Ironically, all these left wing wackos want to ban the Keystone pipeline for “environmental” or some other such left wing religion hand wringing purpose. Little do they know, or somehow they do and they ignore, that trains have LOTS of accidents. Derailment is frequent, and accidents with cars and pedestrians are unfortunately common. But that oil is still going to get to market, it will just go on the rails, instead of a pipeline. But that data doesn’t figure into the anti-pipeline narrative.

    It’s all about the narrative, regardless of what the facts show.

  3. Mr_Mike

    I’ve traveled on planes and, Amtrak and, Amtrak is much longer, but easier to travel on. Just get on the train a and, get off. No baggage check, no long lines, etc. I can sit an read, or listen to music to pass the time. However, I don’t travel that often, so the preliminaries to air travel seem too much of a hassle.

    Also, in the 1990s, it was easy to get a concealed carry license in my PA county. Just send in the money, pass the back ground check and, write down “protection and, sporting use” as my reasons. The only places where there are big gun control support are near Philadelphia and, Pittsburgh. PA is home to over one million deer hunters! Some rural schools don’t have school on the first day of buck season, although that coincides with the Thanksgiving holiday, but the belief is that a large number of students would be absent that day.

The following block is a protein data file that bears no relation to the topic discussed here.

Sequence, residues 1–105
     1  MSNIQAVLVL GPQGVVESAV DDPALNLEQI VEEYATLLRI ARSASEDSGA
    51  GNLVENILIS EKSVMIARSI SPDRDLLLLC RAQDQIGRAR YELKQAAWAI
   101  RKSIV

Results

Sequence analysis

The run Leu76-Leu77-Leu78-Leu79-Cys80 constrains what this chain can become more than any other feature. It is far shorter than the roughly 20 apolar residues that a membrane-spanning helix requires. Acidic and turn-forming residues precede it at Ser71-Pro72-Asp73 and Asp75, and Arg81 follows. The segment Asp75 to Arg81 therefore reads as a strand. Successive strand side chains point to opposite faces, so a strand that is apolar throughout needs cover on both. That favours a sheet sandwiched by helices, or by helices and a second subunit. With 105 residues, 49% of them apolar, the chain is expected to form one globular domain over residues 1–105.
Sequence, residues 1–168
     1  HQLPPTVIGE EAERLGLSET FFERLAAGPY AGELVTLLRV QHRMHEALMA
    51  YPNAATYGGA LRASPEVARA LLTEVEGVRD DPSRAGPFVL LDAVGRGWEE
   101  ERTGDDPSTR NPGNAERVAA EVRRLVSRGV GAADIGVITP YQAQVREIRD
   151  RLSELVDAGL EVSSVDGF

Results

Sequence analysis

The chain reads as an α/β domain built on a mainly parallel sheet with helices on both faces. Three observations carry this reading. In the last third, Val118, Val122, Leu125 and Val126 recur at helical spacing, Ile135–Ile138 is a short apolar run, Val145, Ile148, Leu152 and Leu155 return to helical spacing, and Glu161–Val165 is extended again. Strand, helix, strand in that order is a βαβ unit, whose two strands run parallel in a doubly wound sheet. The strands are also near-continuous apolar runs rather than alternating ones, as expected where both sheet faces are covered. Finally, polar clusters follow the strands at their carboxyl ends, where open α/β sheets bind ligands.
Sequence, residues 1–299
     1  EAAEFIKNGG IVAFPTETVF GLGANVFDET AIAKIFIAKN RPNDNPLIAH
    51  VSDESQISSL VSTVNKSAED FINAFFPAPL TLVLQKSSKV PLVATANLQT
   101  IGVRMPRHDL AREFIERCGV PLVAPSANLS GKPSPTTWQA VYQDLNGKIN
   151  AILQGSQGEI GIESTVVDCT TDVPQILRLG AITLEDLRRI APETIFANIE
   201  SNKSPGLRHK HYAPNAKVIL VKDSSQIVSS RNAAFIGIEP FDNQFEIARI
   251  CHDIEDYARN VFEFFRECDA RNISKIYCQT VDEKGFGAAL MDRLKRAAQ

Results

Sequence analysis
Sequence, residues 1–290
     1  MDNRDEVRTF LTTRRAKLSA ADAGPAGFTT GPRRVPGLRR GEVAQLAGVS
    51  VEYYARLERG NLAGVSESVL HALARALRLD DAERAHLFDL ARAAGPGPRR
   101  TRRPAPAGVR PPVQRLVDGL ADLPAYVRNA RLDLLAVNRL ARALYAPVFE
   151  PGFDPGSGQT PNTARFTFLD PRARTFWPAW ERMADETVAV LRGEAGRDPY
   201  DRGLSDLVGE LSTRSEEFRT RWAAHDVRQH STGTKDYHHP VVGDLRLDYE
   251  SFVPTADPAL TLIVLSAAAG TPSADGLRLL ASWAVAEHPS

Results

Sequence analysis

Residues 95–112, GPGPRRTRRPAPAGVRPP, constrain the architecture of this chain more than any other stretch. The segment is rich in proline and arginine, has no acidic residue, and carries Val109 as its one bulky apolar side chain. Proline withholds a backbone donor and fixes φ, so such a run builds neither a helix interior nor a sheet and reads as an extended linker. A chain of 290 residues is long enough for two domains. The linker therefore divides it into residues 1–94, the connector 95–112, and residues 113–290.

1. Hognose Post author

      I heard the same about deer season when I visited a friend in Johnstown. (NW corner of the state).

    2. Hognose Post author

      Mike,
      I’ve done just about every kind of travel there is. My preference is to drive short distances, fly myself middle distances, suck it up and take the mailing tube long distances. I still haven’t got my cardiologist and flight surgeon talking to each other, though, so flying’s out for the time being (no medical).